Updated: Apr 20, 2021
2020 has been a hard year and the first months of 2021 have been equally tough for many. With the pandemic putting us all into a third lockdown, Covid news often feels difficult to escape from. While we too feel the struggle here at Hollr as we continue to put plans on hold, we couldn’t help but think of our amazing NHS and all they are facing right now. Behind the scenes, they're fighting daily to keep us all safe, well and alive.
With this in mind, we came up with our #HollrNHSstories series. A series of interviews that will explore the world of the NHS and celebrate some of the brilliant people helping in the fight against the virus.
To kick our series off, we start today with Courtney Wood. A young nurse who immediately after graduating, has started her nursing career in the face of Covid-19. Courtney was kind enough to take some time out to do our interview and we want to thank her again for being a part of the #HollrNHSstories series.
We spoke with Courtney about all things related to her role. As well as how she has found working in the pandemic, and advice she has for us when it comes to living in the age of Covid-19…
To begin with, tell us a bit about your role within the NHS and your journey into this role.
I started my journey at the University of Cumbria in March 2017 enrolling myself onto the Adult Nursing degree. We were a very small cohort - only twenty of us. This meant that we were all very close and I think this really enhanced my experience of university and the specific course. Finding a balance between full-time placements and assignments was sometimes a challenge, but I believe I have gained many skills from this. I completed all of my hospital placements at West Cumberland Hospital, which I think really helped me gain confidence being familiar with many of the staff and the hospital in general. I officially qualified in March 2020. I actually got my nursing PIN the week we went into the first lockdown. Luckily, I got a job where I wanted to be.
You get a rotation of different placements as a student nurse, which allows you the experience of different nursing specialisms - medical, surgical, critical care, etc. At the time, I found this quite daunting as it could sometimes be overwhelming going somewhere new, but it’s helped me so much in my professional development and awareness of other health professionals. I completed my fourth placement on the Coronary Care Unit, and up until this point, I never really knew what kind of nursing I wanted to do. After this placement, I joined the ‘bank’ working as a healthcare assistant. This meant that I wasn’t tied to specific hours, I could pick my hours, and I could pick where I took shifts. This allowed me to gain a lot more experience and to make some money on the side. Over two and a half years since my placement on CCU as a student, and I’m still there now as a qualified nurse.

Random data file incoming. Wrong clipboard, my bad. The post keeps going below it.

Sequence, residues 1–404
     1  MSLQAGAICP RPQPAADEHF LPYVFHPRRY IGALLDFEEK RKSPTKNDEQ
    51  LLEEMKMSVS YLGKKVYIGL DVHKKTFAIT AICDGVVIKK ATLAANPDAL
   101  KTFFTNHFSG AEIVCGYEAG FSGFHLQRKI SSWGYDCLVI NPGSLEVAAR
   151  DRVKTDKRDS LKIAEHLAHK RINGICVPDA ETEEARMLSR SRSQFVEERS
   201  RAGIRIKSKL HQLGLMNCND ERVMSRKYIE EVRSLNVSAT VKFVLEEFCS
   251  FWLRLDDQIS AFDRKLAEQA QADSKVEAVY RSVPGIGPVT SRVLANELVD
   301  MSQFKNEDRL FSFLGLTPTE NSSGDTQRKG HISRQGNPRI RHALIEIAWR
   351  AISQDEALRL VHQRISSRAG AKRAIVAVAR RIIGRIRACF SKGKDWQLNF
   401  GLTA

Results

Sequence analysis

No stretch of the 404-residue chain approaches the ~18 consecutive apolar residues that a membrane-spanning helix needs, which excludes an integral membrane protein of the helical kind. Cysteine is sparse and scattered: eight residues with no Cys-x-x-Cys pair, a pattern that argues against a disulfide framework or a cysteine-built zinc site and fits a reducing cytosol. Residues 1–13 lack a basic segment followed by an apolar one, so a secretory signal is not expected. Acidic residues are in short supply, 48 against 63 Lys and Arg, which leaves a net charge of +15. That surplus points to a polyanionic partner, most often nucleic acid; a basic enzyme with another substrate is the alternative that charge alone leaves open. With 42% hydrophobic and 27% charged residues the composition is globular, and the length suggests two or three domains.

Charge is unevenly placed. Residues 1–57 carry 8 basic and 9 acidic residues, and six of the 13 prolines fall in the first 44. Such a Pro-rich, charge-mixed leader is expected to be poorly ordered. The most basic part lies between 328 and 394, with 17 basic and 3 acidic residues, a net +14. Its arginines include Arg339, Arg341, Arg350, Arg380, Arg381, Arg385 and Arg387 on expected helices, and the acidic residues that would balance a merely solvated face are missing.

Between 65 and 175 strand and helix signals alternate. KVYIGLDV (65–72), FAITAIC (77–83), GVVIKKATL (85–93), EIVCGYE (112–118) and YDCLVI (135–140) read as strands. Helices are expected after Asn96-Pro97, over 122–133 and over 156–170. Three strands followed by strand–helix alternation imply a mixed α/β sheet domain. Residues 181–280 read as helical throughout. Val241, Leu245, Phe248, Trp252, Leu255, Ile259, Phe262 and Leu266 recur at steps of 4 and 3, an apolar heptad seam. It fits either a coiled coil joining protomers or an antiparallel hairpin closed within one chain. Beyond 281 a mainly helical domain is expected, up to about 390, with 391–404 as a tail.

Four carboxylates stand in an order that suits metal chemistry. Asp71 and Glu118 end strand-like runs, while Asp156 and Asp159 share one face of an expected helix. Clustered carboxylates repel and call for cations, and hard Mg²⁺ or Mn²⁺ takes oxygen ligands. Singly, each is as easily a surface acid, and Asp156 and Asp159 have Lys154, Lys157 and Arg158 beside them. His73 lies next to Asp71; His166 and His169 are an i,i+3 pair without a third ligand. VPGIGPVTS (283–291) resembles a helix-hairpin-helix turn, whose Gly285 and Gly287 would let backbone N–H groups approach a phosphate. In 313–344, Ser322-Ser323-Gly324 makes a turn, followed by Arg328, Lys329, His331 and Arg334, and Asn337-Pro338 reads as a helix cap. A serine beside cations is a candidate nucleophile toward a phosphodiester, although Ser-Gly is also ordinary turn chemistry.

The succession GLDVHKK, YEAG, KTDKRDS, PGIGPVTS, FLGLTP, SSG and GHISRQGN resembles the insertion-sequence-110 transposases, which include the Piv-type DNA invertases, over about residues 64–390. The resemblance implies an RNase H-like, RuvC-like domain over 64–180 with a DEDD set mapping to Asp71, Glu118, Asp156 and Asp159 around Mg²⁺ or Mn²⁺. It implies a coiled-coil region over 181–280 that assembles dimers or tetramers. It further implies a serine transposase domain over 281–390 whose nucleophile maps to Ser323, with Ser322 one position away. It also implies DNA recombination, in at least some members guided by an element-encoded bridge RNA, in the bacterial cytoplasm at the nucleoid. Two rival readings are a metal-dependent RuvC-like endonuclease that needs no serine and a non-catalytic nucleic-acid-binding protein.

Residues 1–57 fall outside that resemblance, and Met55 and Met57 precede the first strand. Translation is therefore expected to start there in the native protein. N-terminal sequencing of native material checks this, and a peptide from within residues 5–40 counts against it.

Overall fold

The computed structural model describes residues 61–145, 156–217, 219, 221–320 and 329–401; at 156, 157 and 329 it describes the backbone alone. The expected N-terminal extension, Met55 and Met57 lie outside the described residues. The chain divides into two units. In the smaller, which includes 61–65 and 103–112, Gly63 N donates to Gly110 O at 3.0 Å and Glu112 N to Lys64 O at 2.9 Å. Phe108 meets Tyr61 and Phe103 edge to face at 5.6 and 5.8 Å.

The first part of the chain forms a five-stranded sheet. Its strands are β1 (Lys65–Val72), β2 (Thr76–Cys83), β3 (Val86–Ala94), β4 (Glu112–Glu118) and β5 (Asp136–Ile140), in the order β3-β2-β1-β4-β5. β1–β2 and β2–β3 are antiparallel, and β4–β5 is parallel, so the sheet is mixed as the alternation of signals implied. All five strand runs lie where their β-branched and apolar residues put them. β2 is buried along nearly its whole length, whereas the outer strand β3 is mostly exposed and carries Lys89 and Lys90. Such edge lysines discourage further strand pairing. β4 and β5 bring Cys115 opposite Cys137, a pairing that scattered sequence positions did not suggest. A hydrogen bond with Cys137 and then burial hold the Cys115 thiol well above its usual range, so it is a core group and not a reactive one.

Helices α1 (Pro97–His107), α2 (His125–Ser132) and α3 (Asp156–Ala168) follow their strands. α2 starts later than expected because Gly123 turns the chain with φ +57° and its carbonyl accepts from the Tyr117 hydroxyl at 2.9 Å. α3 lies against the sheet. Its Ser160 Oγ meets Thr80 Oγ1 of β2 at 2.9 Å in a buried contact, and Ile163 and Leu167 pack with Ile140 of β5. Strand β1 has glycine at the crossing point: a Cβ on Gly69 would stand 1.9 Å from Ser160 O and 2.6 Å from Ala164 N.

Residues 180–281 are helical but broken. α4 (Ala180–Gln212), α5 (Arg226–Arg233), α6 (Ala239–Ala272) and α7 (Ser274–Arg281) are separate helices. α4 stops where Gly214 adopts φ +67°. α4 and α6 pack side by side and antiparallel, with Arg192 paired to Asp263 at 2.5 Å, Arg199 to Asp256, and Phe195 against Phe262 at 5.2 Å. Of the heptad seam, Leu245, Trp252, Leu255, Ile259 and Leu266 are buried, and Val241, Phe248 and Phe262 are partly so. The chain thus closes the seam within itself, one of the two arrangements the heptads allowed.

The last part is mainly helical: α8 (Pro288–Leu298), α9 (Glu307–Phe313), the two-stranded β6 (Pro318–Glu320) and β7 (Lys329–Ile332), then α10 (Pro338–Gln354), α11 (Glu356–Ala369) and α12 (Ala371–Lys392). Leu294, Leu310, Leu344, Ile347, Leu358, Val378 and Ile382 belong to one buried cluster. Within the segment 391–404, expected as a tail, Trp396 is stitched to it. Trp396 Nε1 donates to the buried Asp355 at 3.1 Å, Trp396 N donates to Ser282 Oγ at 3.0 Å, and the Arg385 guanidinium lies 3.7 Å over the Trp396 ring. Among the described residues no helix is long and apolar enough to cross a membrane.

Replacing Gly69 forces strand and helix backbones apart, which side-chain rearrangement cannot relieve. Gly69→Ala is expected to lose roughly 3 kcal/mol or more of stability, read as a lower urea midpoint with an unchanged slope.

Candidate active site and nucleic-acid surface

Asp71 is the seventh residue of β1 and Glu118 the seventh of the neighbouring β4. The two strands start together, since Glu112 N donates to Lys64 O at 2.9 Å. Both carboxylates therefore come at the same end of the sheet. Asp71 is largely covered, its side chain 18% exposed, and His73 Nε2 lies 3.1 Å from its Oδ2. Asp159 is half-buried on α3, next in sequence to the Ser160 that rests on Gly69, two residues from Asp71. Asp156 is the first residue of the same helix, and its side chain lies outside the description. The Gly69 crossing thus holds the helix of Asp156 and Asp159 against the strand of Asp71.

How have you found working in the pandemic so far, what has it been like day to day?
Every day is completely different. You can only take it as it comes but you have to try and keep ten steps ahead, always. We’re seeing services that were already strained, being stretched even further. We’re seeing a lot of poorly people and people that were perhaps chronically poorly, even poorlier. It’s required a lot of professional development and adaptation. There’s definitely been a lot of pressure on us all, but teamwork has made it bearable and you manage to get through it.
What helps you stay positive during this time & outside of work?
At work, after the initial pressure I’ve come to accept that nobody could have been prepared for what we’re experiencing. As a newly qualified or someone having been qualified for years, everyone is in the same boat. Being a newly qualified nurse is daunting enough, but I’ve tried to not get myself down as I’ve realised how we’re all learning together and we’re there to support one another. Another way I’ve kept positive at work has been through simply reflecting and reminding myself why I started this - despite the rough shifts and hard days, if you can say that you’ve tried your hardest for your patients and colleagues, then you manage to keep your chin up.
Outside of work, I have a great support network of family and friends. In my spare time, I’ve tried my hardest to make time to look after myself and do what I enjoy. This has definitely been hard with the current situation, but I’ve found the greatest comfort in reading books. This is something I’ve always loved but having the time to dedicate to reading has really helped me.
What is the most rewarding aspect about working for the NHS?
The most rewarding aspect for me personally is being able to impact someone’s experience of what they’re going through. Nobody wants to be in hospital unwell, or have their relatives admitted. Whether it be the patient or their family members, your effort and manner is completely detrimental to their experience. If you can listen to someone, be patient with them, and advocate for them, you can make their situation bearable. Being able to do this for someone is the greatest reward.
Is there anything you’d like to remind our readers of when it comes to living life in the middle of a pandemic?
The situation we’re all living in at the moment is very real and impacts us all greatly in different ways. The only way we can get through this is by working together and being considerate of how our actions make a difference, whether that be positive or negative. Do what you can to protect yourself, your loved ones, and take care. Some days will be harder than others, but this can’t last forever.
If you know someone in your life who is an NHS worker, make sure to reach out. Thank them for protecting and caring for us all. In times where we all feel isolated and separated due to the virus, it is important to reach out. Make connections wherever we can and practice gratitude.